In a country plagued by food safety scandals, mitigating risk while shopping for groceries is no easy task. While it has been noted that those with a cache of power sometimes enjoy greater access to safe food, for everyone else it can be pricey to purchase high-quality foodstuffs—and even then there is risk of false labeling, which led to the 2011 closing of Wal-Mart branches in Chongqing. In a video report, The Wall Street Journal talks to China Market Research’s Shaun Rein about how to shop safe and penny-wise in China:
The accompanying print report relays advice from health and food industry professionals on reducing risk and saving money:
After a spate of food scandals, it is no surprise that consumers in China are hugely concerned about food safety. David Laris, a chef and creator of several high-end restaurants in Shanghai, reckons that if a family of four in Shanghai eats just organic food, the grocery bill would be about $600 a week. “At home, we spend too much money buying food; there is no shortcut financially,” he said.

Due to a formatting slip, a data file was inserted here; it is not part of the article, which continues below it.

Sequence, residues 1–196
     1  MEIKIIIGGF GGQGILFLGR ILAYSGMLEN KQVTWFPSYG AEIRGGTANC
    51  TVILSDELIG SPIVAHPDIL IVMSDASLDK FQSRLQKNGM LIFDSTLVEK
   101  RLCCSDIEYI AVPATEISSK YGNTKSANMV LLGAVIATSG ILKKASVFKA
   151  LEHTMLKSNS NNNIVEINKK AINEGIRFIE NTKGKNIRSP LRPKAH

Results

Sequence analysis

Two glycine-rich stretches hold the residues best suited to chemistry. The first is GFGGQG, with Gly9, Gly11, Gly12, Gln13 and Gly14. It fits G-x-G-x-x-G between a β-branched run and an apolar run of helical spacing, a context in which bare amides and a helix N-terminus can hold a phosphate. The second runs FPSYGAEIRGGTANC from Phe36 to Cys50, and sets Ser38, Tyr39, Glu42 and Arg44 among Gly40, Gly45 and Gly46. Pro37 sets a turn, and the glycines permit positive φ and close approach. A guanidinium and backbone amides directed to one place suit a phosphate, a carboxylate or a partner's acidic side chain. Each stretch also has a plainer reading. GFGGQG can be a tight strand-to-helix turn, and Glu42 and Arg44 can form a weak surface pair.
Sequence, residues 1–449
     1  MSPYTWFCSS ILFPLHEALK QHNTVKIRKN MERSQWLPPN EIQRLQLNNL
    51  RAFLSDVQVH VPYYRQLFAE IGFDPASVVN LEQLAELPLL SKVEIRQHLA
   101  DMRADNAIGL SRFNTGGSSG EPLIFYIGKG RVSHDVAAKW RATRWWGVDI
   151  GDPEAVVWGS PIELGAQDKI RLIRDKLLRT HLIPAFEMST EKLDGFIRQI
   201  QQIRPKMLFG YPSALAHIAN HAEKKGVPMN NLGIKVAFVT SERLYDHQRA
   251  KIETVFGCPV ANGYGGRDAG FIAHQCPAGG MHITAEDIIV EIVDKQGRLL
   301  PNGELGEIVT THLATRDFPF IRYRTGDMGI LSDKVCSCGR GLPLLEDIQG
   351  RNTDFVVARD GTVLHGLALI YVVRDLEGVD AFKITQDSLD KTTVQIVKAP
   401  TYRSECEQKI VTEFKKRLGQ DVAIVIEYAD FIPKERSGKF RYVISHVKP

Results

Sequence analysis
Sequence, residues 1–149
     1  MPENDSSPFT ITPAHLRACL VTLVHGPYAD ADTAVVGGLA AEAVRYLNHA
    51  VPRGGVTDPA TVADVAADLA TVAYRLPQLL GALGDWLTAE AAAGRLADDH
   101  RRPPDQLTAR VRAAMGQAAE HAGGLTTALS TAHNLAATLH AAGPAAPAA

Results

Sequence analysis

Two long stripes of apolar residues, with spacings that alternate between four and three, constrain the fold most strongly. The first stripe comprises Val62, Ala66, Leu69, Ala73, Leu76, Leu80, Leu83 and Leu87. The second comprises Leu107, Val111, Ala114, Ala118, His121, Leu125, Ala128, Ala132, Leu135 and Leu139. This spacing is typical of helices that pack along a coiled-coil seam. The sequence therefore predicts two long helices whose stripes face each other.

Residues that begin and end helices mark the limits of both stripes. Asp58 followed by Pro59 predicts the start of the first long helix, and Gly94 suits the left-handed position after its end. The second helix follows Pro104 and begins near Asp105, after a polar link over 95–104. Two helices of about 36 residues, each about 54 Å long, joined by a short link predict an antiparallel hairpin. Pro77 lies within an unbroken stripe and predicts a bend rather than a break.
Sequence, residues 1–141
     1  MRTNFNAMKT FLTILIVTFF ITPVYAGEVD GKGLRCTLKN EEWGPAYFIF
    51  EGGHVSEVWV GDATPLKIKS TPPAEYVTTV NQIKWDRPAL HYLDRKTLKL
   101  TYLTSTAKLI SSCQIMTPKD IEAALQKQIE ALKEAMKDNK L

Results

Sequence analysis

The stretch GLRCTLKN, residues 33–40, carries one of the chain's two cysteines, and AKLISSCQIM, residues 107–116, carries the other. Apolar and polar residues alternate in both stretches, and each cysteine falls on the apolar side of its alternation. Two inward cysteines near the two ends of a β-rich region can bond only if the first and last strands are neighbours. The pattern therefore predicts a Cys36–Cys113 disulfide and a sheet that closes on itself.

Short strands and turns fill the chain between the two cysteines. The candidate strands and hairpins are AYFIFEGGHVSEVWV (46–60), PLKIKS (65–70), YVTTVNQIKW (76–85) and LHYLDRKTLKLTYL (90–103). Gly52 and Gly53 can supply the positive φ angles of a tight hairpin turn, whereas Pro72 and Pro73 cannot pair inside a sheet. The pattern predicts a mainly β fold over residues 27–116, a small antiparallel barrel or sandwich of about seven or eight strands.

But industry insiders, doctors and consumers say there are ways to reduce the risks of eating food produced in China—without going over budget. […] [Source]
Also see prior CDT coverage of food safety in China.